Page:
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Keira Knightley in 'The Misanthrope' in London: What did the critics think?

December 18, 2009 |  1:45 pm

Keira In Britain, an actor isn't really an actor unless he or she has performed on stage. And so it came to pass this week that film star Keira Knightley made her theatrical debut in a West End production of "The Misanthrope."

The 24-year-old Oscar-nominated actress, whose films include "The Duchess," "Atonement" and "Pride and Prejudice," has not hidden the fact that she was nervous about what critics might say about her maiden theatrical voyage.

Knightley was expecting that she would be "burned alive," according to a BBC News report. She added: "I thought if I don't do theatre right now, I think I'm going to start being too terrified to do it."

Currently playing at London's Comedy Theatre, this production of Moliere's "The Misanthrope" is actually a liberally updated version of the 17th century drama by Martin Crimp. Also starring Damian Lewis and directed by Thea Sharrock, the play is set in modern-day London among the city's cultural and theatrical set. Knightley's role may not seem like much of a stretch: she plays an American movie actress who becomes the object of affection for Lewis' discontented British playwright.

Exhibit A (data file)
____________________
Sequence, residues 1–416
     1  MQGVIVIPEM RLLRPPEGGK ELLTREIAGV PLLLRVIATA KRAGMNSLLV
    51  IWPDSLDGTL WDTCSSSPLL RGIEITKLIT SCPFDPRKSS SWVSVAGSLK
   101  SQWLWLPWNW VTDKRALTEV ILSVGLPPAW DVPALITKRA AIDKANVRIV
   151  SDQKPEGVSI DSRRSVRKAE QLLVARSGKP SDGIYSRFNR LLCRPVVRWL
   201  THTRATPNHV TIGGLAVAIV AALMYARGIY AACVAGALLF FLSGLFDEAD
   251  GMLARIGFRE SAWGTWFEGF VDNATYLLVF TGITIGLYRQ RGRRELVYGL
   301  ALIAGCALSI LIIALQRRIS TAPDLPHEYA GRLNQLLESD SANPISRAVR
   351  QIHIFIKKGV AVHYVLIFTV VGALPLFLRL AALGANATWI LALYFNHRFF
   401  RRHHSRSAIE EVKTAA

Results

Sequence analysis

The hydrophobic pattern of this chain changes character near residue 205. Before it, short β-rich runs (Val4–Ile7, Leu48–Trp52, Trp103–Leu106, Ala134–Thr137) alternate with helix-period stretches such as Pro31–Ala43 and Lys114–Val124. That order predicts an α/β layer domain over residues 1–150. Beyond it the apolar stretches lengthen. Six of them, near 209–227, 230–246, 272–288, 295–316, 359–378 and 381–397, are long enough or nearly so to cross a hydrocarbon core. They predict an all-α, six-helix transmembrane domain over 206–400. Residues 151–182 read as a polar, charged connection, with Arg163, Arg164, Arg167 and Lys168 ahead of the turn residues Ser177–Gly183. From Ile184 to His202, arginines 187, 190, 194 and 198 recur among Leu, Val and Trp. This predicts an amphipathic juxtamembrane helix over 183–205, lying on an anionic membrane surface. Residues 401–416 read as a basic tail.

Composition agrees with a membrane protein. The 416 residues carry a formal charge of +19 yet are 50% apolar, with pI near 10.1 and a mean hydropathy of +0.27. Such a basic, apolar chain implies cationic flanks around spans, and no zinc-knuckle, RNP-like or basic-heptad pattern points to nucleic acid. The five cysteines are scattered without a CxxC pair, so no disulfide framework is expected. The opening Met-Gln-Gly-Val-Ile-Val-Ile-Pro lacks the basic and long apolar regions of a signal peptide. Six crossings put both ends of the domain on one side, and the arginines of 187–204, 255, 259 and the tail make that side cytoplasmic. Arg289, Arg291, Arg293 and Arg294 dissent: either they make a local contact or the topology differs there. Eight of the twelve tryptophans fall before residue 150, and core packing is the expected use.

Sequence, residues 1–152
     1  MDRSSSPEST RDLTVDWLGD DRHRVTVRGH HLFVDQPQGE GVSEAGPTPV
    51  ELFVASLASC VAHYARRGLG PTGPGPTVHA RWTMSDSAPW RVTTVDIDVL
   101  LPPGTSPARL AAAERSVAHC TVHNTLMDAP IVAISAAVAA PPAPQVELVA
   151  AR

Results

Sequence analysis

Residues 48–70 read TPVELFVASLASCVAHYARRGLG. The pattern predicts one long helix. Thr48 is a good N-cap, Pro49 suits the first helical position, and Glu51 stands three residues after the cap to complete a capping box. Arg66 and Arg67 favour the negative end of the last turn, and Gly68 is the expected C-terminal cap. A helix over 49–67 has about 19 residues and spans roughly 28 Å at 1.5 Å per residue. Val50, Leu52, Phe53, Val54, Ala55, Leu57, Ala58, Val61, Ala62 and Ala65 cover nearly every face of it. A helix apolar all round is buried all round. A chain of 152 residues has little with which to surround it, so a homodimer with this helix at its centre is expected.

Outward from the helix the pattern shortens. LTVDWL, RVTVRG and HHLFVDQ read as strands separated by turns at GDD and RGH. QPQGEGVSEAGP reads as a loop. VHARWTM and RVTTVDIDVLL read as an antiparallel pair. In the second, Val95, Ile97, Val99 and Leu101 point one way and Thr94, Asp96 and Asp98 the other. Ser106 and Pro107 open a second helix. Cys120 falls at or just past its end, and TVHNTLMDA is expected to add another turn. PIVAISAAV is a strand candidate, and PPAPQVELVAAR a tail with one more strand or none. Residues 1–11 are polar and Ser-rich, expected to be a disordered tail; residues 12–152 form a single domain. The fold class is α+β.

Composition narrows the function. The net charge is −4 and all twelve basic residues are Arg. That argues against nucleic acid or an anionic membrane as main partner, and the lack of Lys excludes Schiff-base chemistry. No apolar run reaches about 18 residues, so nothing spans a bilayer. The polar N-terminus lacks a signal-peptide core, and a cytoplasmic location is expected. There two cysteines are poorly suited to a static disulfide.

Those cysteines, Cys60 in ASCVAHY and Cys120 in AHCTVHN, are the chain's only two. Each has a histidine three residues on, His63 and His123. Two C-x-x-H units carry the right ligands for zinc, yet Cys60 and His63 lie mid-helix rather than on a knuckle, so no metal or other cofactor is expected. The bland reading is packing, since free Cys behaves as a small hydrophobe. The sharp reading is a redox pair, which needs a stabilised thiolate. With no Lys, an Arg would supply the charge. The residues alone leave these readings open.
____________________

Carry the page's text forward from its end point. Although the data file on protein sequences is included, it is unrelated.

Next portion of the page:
Did London's stage critics bare their fangs for Knightley's debut? As it turns out, the actress' initial fears may have been only partially justified.

Charles Spencer of the Daily Telegraph raved about the actress, writing: "This stinging, zinging play would be a hit without Knightley. With her, it becomes unmissable." He added that "in the early scenes Knightley seems a touch tentative, lacking in both energy and presence. In the second half however, in which she bitchily insults a false friend and has a real humdinger of a row with the jealous Alceste, she reveals both power and poignancy."